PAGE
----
I am a meteorologist and a former youth leader at church…I have a lot to say on both subjects…and then some
I have a lot of friends from my past. I seem to lose touch with them. I have reconnected some of them through Facebook more recently, and that has been great, but I still haven’t reconnected with a lot of them. In this case, this friend was my colleague and boss while I was at the South Pole in 1994-1995. Her name was Kathie Sharp.
In 1994, I was in between meteorology jobs, when I an ad in the magazine “Weatherwise” caught my eye. It talked about being a weather observer at the South Pole. I applied, and as it happened, the person that was supposed to winter over for that year, had just quit to take another job. I needed a passport, so I got the ball rolling, and Antarctic Support Associates of Englewood, CO invited me out to be interviewed. That’s where I met Kathie. She was to be the senior meteorologist for the winter. She interviewed me a couple of times during the day that I was in the ASA offices, as well as be 3 other people. By the end of the day, I was hired and I had a lot of things to do in the next two months (physicals, paperwork, etc.). Everything clicked. I could and have made remarks that this is where God wanted me. Too many things that happened that it couldn’t be coincidence. In fact, Kathie also being a Christian was one of the reasons that I got the job.
During the interviews, I was asked what I do if I got depressed or lonely, something that happens during the Antarctic winter season when you are down to only 28 people on the station. I said something about my faith bringing me comfort and strength. So one of the other interviewers got a little worked up, afraid that I was some “Holy Roller,” and would be in other people’s faces about my faith. Kathie fought for me in the meeting. I was re-interviewed about my faith and had some questions asked about it, which I didn’t notice, as being out of the ordinary, until in discussion with Kathie in the middle of the winter, she told me about it.
So from October 26th, 1994 until November 5th, 1995, I was at the South Pole station in Antarctica. There was a hectic “summer period” then in Feb, 1995, the last of the summer people left us 28 souls for the winter-over period. The 28 of us, I would say were like a dysfunctional family that were cooped up too long after a blizzard. Kathie and I were to launch balloons, do weather obs, etc. and she was kind of a big sister to me the of the newbies. First time at the pole and I was wintering over. We butted heads a few times, but we were pretty decent friends along with Chris the Sci-tech.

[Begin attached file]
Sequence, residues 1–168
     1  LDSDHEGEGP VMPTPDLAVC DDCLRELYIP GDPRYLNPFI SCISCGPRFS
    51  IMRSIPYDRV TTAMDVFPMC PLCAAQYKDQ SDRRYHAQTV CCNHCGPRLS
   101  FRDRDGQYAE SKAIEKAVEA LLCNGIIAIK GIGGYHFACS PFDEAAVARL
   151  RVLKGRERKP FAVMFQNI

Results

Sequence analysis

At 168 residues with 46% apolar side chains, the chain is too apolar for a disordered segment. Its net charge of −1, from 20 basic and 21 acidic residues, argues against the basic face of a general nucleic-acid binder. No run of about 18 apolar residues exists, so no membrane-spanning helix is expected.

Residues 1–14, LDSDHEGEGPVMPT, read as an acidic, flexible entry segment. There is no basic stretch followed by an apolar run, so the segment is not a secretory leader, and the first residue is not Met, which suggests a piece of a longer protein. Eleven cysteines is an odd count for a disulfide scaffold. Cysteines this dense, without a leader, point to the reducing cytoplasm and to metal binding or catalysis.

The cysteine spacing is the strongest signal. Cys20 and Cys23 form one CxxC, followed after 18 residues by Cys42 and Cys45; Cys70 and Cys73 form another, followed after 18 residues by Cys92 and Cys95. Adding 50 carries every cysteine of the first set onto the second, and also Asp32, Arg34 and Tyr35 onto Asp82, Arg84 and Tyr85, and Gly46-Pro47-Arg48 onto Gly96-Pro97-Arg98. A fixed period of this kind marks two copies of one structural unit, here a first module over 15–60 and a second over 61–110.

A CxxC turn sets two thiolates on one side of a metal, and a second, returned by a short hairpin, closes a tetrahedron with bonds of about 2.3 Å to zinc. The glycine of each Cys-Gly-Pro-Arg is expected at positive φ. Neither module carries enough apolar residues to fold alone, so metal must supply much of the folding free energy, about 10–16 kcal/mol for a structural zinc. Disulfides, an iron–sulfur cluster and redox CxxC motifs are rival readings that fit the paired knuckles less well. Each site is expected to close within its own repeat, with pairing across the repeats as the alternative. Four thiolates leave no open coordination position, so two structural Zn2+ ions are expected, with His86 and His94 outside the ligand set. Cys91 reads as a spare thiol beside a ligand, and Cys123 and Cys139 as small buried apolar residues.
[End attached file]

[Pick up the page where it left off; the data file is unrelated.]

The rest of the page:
I, unfortunately lost touch with everyone. The last time I talked to anybody was in 2001, when I went to Boulder to radar class. I was able to Call Chris and his dad, Cleve, who I also knew from “Pole.” We talked about some of those we knew from the crew and where they were, but for the most part that was the last time I talked to anyone from my winter-over year. I have done Google searches and Facebook searches. I reconnected with a few on Linked In, and Facebook, but Kathie eluded me.
However, I did run into a website a some years ago that is dedicated to the South Pole Station, by an “ex-polie.” I got on the site every few months to see who is wintering over, and see who is blogging so that I could subcribe to it and . Since the new crew arrived for this season, I went to that site the other day. As I scrolled through the news before looking at the blogger list, I noticed this little link.
Sorry, I didn’t get a chance to reconnect with you Kathie. You will be missed.
Back in 1994, I went to the South Pole. For the Antarctic program, the jump off point for McMurdo and South Pole stations is Christchurch, New Zealand. While I pretty much was contained to the south island while I was there, I fell in love with the country. Now, 15+ years later, after passing through the city of Christchurch and portions of the south island 4 times, 2 major earthquakes have rocked the city. The first one did some damage as it was a little farther away and it was deep. However, this one, while weaker than the first one in September of last year, was much closer and shallower, and with the weakened state of many of the buildings, there were many more that came down in the City Centre. This has been a rather said event as the landmark cathedral in the town square lost its spire. The town, from what I can see will never be the same again.